Brendan ‘Darkie’ Hughes- a man of principle  (1948-2008)

Brendan ”Darkie” Hughes a legendary guerilla leader in the fight for Irish freedom fighter died in Belfast on Saturday at Feb 16. He was codenamed ‘The Dark’ due to his complexion, daring, and fearless actions in the struggle to free Ireland. Time and time again, Brendan demonstrated to his generation that there were more ways that one to take on the British military occupation of Ireland.  His legendary feats included a bold escape from Long Kesh concentration Camp.  While on the run, he continued to organize against the British foe. 

Brendan, or the ‘DARK’, as he was often referred to, was spoken of with pride and reverence within the Republican Movement.  His bravery, leadership and character was admired and respected. However, it was while imprisoned that he took on his most difficult role.  Brendan became the O/C of Republican prisoners and set about to stand against British attempts to criminalize Irish Republican Political prisoners. By doing so, he undertook a hunger strike for political status that lasted for 53 days during which he was brutally treated.  

At the core of the planning for each of the hunger strikes, the dirty protest, and the Blanket protest, Brendan could be found.. His involvement included the selection of each of the men who were prepared to go on hunger strike and possibly die for the cause they cherished.  Brendan experienced tremendous emotional stress upon the death of each of his ten comrades during the1981 hunger strike.  

In later years, he often would ask whether it was worth it ? Only until recently was it realized that, while he was involved with Bobby Sands and other republicans in the run up to the1981 hunger strike, other sinister elements within the republican movement were manipulating those tragic events for their own long range selfish ends.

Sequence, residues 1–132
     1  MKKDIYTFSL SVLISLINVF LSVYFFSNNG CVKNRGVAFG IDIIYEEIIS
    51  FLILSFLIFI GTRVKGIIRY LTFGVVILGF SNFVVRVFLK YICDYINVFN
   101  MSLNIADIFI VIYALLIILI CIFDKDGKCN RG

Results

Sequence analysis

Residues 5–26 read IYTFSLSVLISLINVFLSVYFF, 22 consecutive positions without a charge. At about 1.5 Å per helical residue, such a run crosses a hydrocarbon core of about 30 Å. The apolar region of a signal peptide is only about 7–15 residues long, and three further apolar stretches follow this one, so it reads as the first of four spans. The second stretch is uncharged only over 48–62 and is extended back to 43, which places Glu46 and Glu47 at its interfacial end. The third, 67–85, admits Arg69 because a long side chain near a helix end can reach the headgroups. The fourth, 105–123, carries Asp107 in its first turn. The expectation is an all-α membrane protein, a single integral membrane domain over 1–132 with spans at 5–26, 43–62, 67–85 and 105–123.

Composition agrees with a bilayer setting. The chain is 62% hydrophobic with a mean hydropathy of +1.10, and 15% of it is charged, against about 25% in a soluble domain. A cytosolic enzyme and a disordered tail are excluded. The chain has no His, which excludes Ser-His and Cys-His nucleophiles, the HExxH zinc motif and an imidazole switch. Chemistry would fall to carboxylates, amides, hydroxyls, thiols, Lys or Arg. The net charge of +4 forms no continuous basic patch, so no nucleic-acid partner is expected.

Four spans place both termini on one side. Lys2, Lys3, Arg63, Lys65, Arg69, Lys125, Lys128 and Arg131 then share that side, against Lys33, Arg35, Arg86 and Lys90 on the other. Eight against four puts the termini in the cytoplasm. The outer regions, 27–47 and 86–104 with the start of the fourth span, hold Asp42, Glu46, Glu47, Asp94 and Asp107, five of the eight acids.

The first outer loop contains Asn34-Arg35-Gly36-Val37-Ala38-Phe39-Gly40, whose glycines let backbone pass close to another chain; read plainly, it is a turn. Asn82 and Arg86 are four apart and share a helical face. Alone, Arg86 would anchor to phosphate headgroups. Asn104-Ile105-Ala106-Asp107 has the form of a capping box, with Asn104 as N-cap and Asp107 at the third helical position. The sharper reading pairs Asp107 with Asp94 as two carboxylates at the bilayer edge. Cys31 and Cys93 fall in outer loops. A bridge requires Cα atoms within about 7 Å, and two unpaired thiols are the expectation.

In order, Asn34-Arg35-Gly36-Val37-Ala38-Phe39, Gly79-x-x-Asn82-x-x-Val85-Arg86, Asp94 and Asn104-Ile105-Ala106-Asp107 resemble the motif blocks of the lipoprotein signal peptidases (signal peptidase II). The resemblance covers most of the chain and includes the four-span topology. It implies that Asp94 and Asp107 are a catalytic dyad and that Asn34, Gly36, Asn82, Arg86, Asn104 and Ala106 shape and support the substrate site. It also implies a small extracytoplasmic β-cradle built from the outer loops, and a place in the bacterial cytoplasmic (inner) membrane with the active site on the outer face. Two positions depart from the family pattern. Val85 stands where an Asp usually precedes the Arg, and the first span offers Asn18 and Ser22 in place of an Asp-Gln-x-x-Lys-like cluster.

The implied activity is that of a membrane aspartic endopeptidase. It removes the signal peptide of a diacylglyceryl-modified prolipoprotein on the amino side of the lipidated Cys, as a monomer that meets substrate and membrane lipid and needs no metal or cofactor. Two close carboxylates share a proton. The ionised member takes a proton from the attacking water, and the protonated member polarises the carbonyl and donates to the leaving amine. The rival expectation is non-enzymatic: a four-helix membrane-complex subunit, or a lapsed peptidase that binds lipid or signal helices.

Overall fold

So highly regarded by those within the republicanism, that when he saw through the British arranged Peace Process as a sell out of the Republican ideals, he met his greatest threat from his erstwhile comrades.  In retrospect, one must wonder what thirty pieces of silver was on offered to Brendan Hughes to attempt to have him sellout his republican ideals.  Considering the enormity of the rewards of upscale properties and bulging bank accounts that was lavished upon others to betray the noble ideals of Wolfe Tone, we see that once again Brendan rose to the occasion.  Brendan stood tall and would not compromise the Republic.

Sadly, even Brendan’s death was seized upon as an opportunity for a headline by the traitorous British puppets that attempted to damn him with faint praise.  However, the words of Terence McSweeny ring as true today as they did eighty plus years ago.  “In matters of principal there can be no compromise.”


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